Inventory management is the process of organizing and managing stock throughout the supply chain.
The goal of inventory management is to minimize the cost of holding inventory, while keeping stock levels consistent and getting products into customers’ hands faster. Inventory management is the heart of a successful retail business.
Not sure where to get started with inventory management? This guide will walk you through the leading inventory management techniques, formulas, and tips for managing stock and keeping your customers happy.
Table of Contents
What is inventory management?
Inventory management is the system you build to organize inventory through the supply chain. It covers everything from raw goods to finished goods, storing, and selling. It also tracks your company’s stocked goods and monitors their weight, dimensions, amounts, and location.
The goal of inventory management is to minimize the cost of holding inventory by helping you know when it’s time to replenish products or buy more materials to manufacture them. This helps you maintain optimal inventory levels and minimize costs.
Inventory control can be used interchangeably with inventory management. Essentially, it refers to when you have control over your stock, typically due to effective inventory management processes. It’s much easier to maintain control of your inventory with centralized inventory management.
Why is inventory management important?
Effective inventory management is essential for ensuring a business has enough stock on hand to meet customer demand. Poorly-handled inventory management can result in a business either losing money on potential sales that can’t be filled or wasting money by stocking too much inventory.
Whether you’re a small business or company using enterprise resource planning (ERP), inventory management helps your business do a number of important things:
1. Avoid spoilage
If you’re selling a product that has an expiry date, like coffee or tea, there’s a very real chance it will go bad if you don’t sell it in time. Managing inventory effectively helps you avoid unnecessary spoilage.
2. Avoid dead stock
Dead stock is stock that can no longer be sold—not because it's expired, but rather because it may have gone out of season, out of style, or otherwise become irrelevant. By adopting a diligent strategy, you can address this costly inventory mistake.
3. Save on storage costs
Warehousing is often a variable cost, meaning it fluctuates based on how much product you’re storing. When you store too much product at once or end up with a product that’s difficult to sell, your storage costs will go up. Avoiding this will save you money.
4. Improve cash flow
Not only is good inventory management more cost efficient; it improves cash flow in other ways, too. Remember: inventory is product you’ve likely already paid for with cash (checks and electronic transfers included), and you’re going to sell it for cash. But while it’s sitting in your warehouse, it’s definitely not cash.
This is why it’s important to factor inventory into your cash flow management. Inventory directly affects sales (by dictating how much you can sell) and expenses (by dictating what you have to buy). Both of these elements factor heavily into how much cash you have on hand. In short, better inventory management leads to better cash flow management.
When you have a solid inventory system you’ll know exactly how much product you have in real time. Based on sales, you can project when you’ll run out so you can replace it before then. Not only does this help ensure you don’t lose sales (critical for cash flow), but it also lets you plan ahead for buying more by ensuring you have enough cash set aside.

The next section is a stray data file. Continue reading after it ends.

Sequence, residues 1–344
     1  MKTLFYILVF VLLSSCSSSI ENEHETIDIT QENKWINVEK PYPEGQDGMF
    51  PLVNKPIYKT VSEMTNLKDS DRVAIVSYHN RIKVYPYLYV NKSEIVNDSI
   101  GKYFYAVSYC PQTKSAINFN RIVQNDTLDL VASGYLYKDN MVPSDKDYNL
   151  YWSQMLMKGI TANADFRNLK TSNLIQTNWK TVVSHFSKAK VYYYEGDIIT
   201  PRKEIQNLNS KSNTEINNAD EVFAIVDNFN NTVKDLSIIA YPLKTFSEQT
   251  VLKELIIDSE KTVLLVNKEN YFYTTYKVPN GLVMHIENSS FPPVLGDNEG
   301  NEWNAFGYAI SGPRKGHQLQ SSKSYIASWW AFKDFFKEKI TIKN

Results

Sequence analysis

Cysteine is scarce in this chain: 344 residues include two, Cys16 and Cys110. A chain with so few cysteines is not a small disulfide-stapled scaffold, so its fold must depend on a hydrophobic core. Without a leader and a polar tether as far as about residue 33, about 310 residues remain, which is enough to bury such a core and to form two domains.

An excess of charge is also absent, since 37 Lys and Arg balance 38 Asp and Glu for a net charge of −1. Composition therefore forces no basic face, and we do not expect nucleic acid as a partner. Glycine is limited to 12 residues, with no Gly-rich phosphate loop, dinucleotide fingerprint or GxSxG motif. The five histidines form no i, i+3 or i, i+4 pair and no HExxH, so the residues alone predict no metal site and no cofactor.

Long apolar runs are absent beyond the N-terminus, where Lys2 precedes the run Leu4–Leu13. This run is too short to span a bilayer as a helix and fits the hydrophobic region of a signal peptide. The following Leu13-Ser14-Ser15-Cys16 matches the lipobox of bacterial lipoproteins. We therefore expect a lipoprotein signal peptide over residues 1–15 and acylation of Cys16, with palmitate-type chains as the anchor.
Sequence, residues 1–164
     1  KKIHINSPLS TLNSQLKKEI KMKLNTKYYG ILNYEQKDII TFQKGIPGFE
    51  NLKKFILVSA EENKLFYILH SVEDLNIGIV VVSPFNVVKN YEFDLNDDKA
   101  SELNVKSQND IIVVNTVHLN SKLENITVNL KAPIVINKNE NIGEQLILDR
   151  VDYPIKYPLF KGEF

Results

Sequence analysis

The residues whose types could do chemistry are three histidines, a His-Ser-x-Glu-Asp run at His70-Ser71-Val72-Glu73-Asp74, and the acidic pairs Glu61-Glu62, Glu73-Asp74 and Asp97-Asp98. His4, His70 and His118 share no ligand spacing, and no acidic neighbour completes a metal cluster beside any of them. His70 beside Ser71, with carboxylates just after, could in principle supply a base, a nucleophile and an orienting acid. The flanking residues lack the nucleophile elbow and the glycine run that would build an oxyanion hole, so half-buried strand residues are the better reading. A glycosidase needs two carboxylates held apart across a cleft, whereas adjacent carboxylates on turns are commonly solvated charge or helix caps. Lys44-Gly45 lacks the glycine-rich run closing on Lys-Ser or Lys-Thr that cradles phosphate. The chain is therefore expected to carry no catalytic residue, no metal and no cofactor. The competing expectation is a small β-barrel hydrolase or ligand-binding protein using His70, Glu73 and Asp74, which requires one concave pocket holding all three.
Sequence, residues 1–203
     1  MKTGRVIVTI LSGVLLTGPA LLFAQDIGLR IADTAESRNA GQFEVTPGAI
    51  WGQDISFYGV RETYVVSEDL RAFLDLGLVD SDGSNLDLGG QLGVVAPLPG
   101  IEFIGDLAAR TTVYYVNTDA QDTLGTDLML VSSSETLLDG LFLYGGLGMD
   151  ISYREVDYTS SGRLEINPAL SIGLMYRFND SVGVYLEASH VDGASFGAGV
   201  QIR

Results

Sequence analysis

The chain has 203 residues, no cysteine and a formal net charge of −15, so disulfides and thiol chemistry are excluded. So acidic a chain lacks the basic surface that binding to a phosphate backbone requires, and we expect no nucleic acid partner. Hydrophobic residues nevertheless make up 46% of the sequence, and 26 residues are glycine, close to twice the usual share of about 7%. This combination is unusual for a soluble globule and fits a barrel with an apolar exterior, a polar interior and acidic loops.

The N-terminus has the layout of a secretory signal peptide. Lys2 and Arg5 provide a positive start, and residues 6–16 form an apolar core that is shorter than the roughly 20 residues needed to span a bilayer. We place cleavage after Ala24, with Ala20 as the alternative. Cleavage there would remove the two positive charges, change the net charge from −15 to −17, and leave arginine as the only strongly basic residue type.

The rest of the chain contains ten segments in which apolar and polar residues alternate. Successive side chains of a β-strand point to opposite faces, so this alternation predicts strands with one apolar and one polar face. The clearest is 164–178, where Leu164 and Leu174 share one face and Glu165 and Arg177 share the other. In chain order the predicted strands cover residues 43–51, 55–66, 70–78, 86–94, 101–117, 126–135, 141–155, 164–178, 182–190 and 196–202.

Money spent on inventory is money that is not spent on growth. Manage it wisely.
The Future of Retail Report: Trends for 2022
Trends like showrooming and reduced-inventory retail stores are growing in 2022. According to a commissioned Forrester Consulting study conducted on behalf of Shopify, 46% of brands surveyed are investing in showrooming in 2022. What trends should you be watching? Download the full report to learn more.Download The Future of Retail Report
5. Optimize fulfillment
Good inventory management helps improve order fulfillment for your business. You can use tactics like inventory distribution, which is using fulfillment centers closer to your customers. If a customer orders a product online, the order is shipped and sent faster—saving you time and shipping costs, and keeping them happy.
Types of inventory
- Raw goods
- Work-in-progress (WIP)
- Finished goods
- Maintenance, repair, and operations goods (MRO)
Raw goods are materials or substances used in the early production or manufacturing of goods. Raw materials can include wood, metals, plastics, or fabrics used in the creation of finished goods. A business owner or manufacturer acquires these materials from one or more suppliers or producers.
You can divide raw materials into two groups:
- Direct materials, which are used in the final product. For example, the fabric you use to make clothing.
- Indirect materials, which are used throughout production but not included in the final product. For example, the oil you use to maintain a machine.
Raw materials represent an asset on your company’s balance sheet. You pull raw materials over time and use them to produce finished goods.
When you use direct and indirect materials in production, you must recognize the move of materials into works-in-progress (WIP). WIP describes a partially finished product awaiting completion.
On a balance sheet, WIP represents all production costs: labor, machinery, raw materials, and other equipment. It reflects only the value of products in this production stage. Costs are then transferred to the finished goods account and attributed to the cost of sales.
Finished goods inventory refers to the number of products in stock available for customers to buy. Once a WIP is complete, it becomes part of the finished goods inventory.